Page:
It was to this island that the boat’s crew of the Blendenhall had bent their course, and its principal inhabitant, Governor Glass, showed them every mark of attention, not only on the score of humanity, but because they were fellow-subjects of the same power—for, be it known, Glass did not lay claim to independent monarchy, but always prayed publicly for King George as his lawful sovereign. On learning the situation of the crew, on Inaccessible Island, he instantly launched his boat, and unawed by considerations of personal danger, hastened, at the risk of his life, to deliver his shipwrecked countrymen from the calamities they had so long endured. He made repeated trips, surmounted all difficulties, and fortunately succeeded in safely landing them on his own island, after they had been exposed for nearly three months to the horrors of a situation almost unparalleled in the recorded sufferings of seafaring men.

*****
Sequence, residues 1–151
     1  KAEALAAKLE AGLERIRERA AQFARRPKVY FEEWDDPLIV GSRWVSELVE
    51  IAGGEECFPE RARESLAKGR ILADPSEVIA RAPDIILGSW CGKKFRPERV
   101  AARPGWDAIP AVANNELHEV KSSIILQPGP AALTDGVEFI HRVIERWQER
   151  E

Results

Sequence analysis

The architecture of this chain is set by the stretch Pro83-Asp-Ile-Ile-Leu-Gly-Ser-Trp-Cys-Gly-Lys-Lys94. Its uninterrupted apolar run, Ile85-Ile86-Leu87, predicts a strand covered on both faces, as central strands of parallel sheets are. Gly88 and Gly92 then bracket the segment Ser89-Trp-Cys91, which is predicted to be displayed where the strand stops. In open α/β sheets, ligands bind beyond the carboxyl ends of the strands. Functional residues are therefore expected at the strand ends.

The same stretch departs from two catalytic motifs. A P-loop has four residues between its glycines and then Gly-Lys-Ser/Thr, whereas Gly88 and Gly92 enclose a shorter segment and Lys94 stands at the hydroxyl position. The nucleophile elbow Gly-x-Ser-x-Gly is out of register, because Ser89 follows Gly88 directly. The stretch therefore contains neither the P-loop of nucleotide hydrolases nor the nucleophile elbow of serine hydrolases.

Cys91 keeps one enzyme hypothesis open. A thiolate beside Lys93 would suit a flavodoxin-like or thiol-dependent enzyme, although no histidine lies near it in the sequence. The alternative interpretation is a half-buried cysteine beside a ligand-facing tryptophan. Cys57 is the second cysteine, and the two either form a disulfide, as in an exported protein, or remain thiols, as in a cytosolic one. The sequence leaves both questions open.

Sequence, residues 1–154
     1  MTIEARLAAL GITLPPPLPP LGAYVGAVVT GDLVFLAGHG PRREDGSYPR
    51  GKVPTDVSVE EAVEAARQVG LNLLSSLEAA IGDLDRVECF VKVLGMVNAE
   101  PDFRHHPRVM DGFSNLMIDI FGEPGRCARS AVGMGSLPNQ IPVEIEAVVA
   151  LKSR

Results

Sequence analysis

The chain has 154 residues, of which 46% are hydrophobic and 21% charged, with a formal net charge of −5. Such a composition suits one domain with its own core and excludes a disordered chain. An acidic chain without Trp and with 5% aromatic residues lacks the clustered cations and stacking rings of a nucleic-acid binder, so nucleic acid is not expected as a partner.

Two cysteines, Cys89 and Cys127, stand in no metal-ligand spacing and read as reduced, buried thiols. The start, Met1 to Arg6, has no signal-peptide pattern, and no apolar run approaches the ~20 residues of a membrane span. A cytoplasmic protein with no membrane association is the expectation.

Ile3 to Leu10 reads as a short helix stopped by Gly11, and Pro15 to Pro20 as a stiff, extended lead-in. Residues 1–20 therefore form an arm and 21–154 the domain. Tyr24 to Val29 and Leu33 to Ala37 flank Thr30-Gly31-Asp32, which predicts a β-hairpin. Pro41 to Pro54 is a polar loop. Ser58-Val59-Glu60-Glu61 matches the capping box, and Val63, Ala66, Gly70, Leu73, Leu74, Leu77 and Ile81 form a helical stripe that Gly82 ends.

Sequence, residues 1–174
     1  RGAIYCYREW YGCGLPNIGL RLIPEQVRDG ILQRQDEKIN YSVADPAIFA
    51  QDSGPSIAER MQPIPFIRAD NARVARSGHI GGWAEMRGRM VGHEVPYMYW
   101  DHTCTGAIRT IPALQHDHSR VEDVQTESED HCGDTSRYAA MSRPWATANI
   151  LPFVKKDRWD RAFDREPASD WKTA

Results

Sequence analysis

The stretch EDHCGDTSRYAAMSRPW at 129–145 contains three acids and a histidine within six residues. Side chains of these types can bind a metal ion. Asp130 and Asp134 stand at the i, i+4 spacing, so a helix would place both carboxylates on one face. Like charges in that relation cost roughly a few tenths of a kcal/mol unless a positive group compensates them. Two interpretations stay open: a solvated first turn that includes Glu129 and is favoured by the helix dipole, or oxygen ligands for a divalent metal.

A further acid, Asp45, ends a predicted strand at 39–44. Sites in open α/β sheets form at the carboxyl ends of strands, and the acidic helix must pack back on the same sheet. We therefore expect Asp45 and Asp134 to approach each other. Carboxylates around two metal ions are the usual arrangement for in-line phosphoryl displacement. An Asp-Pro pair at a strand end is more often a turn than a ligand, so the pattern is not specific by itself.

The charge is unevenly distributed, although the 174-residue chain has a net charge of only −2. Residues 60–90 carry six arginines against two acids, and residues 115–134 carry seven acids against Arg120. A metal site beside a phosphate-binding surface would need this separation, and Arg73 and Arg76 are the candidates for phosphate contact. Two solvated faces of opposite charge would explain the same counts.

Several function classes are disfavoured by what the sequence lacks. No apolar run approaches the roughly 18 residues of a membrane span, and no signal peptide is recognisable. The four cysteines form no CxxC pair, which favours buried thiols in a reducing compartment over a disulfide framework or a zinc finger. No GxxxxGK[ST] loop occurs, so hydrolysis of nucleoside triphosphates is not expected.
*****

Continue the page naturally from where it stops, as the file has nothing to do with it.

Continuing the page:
After being hospitably treated by Glass and his company for three months, the survivors obtained a passage to the Cape, all except a young sailor named White, who had formed an attachment to one of the servant girls on board, and who, in all the miseries which had been endured, had been her constant protector and companion; whilst gratitude on her part prevented her wishing to leave him. Both chose to remain, and were forthwith adopted as free citizens of the little community.